Global economy set up for a better 2017; Rising challenges in Myanmar – CAA Weekly

Key highlights from the CAA Weekly Table

  • Global economy: The US economy is strengthening smartly but the Fed could be caught behind the curve and be forced to hike rates faster than expected. This will cause abrupt capital outflows from Asian emerging markets, resulting in destabilising swings in currencies.
  • Asian economies: Intensifying inflationary pressures in China will have spillovers into the world economy; Singapore could be the potential beneficiary of a export-led cyclical upturn even though structural issues still need to be resolved.
  • US-China relations are at risk, as President-elect Trump lashed out at China again, questioning the need for the US to recognise the “One China” policy. This could stretch China’s initial even-handed approach to the US and compel it to consolidate its clout in East Asia further.

Rising import intensity sets global economy up for a better 2017

  • The stop-start nature of the recovery in the global economy has resulted in desultory growth in world trade. However, as major economies embark on more resilient growth trajectories, import demand has embarked on an incipient turnaround.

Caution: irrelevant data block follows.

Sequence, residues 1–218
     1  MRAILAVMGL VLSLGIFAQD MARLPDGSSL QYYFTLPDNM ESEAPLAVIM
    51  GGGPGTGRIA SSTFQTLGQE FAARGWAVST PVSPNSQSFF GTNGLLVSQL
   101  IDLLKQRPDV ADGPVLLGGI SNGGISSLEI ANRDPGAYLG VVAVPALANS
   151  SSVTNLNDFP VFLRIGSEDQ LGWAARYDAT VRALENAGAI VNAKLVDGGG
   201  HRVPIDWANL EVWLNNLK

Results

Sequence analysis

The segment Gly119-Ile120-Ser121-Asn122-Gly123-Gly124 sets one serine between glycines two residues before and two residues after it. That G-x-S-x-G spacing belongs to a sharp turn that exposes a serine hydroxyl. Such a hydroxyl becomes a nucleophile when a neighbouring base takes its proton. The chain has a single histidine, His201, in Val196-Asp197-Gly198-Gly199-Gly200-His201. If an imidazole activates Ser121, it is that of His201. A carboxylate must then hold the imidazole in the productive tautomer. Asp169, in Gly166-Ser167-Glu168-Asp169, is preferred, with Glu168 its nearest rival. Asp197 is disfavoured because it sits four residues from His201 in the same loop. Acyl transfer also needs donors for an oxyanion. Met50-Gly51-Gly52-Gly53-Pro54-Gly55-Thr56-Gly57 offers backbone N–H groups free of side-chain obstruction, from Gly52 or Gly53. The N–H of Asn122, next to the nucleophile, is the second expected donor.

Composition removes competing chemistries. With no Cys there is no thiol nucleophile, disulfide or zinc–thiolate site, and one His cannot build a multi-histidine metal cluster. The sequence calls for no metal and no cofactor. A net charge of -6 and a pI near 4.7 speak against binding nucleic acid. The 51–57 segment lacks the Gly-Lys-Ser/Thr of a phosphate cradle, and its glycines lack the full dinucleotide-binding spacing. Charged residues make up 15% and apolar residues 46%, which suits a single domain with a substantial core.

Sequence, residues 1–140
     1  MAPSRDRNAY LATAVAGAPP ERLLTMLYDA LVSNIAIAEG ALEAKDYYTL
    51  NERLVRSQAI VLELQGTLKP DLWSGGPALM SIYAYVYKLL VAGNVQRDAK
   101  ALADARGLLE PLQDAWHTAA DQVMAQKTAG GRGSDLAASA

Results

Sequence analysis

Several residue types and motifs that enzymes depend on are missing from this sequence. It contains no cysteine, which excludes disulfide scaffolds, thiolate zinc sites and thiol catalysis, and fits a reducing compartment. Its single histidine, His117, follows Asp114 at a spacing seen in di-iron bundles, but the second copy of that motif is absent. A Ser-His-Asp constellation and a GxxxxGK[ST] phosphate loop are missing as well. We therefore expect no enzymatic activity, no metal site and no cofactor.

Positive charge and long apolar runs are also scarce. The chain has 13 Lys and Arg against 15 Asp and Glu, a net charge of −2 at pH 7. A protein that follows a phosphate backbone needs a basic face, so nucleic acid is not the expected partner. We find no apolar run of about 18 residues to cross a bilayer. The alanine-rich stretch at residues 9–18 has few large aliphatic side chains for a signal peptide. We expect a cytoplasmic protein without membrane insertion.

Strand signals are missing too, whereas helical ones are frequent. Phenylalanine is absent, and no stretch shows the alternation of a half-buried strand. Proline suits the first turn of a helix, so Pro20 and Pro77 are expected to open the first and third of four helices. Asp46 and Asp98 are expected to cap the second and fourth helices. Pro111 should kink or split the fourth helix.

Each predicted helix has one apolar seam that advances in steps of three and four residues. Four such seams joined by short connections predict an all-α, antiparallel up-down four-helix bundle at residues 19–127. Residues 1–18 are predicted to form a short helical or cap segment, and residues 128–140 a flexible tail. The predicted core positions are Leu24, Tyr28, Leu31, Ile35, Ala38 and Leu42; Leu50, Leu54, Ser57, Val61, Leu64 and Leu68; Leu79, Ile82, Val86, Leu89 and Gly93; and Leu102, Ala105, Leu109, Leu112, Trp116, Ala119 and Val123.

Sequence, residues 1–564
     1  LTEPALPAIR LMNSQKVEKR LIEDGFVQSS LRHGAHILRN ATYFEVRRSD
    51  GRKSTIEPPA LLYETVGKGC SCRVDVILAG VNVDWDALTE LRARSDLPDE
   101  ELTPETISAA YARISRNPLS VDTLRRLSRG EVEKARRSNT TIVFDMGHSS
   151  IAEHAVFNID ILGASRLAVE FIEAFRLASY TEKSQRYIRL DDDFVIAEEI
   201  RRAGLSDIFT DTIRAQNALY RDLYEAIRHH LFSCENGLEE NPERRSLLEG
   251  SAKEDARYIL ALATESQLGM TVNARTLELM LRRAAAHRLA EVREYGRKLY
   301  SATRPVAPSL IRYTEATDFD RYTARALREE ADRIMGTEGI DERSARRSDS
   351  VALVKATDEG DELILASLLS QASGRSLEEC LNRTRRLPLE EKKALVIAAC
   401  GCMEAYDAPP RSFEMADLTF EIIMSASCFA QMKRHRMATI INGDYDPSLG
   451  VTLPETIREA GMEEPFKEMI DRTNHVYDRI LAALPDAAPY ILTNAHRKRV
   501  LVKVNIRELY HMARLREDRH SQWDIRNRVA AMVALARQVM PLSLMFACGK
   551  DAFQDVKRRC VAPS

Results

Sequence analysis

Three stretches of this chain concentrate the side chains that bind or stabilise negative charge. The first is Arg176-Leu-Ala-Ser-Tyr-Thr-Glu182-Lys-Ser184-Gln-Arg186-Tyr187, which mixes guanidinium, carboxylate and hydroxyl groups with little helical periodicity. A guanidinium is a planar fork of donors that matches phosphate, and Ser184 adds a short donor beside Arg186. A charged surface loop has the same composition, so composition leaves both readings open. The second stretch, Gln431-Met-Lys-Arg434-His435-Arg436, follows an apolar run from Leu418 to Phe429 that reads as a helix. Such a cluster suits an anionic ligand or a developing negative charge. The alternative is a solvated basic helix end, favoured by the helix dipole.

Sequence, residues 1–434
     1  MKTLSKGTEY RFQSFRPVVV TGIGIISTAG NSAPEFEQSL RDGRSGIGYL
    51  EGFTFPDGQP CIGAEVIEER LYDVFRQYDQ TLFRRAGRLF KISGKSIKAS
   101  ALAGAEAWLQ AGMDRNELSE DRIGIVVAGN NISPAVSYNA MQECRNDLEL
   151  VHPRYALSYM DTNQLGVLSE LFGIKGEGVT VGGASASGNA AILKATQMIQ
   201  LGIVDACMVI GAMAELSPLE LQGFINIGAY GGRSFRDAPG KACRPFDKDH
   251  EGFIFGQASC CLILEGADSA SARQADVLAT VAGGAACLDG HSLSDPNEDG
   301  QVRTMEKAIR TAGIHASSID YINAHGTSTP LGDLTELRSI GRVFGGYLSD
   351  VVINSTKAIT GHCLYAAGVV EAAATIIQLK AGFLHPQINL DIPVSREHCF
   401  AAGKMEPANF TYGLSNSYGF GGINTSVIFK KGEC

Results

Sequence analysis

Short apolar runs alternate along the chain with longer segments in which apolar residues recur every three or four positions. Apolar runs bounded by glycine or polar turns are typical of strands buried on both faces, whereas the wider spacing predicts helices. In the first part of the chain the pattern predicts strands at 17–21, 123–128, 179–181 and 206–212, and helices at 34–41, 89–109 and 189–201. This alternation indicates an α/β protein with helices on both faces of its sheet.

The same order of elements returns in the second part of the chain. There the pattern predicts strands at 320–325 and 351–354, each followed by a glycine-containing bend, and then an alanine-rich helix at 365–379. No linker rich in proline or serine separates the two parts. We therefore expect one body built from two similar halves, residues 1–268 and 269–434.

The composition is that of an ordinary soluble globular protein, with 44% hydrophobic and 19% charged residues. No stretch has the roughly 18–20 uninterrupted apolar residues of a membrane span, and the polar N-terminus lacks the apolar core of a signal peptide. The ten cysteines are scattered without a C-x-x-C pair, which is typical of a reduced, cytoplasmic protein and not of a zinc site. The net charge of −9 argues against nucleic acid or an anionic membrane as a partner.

• There are two reasons why we think this nascent upturn can be sustained. First, core capital goods orders are gradually gaining momentum and should garner pace as the US economy strengthens further. Second, US new orders for computer and electronic parts – a lead indicator for Asian manufactured exports – picking up pace after a number of months of deceleration.
  • If this upturn in import growth persists, a corresponding increase in demand for Asian exports could provide an upside surprise to expectations for growth, especially in places like Singapore, Malaysia, Thailand, South Korea and Taiwan.

Myanmar: Rising challenges but limited capacity to respond

  • Barely eight months after taking power, ASSK’s government is facing growing challenges on both political and economic fronts. These challenges reflect deeply entrenched weaknesses in the system which cannot be easily resolved.
  • On the economic front, the lack of specific details in policymaking has resulted in businessmen delaying long-term investment decisions while inflation is also rising. Political and social challenges have also grown – the plight of the Rohingya Muslims has drawn international scrutiny and compromised Myanmar’s relations with its ASEAN neighbours while sullying ASSK’s reputation for upholding human rights and democracy.
  • ASSK needs to a more effective economic policy framework to buttress confidence while cutting a deal with the still all-powerful military to smooth out security issues.

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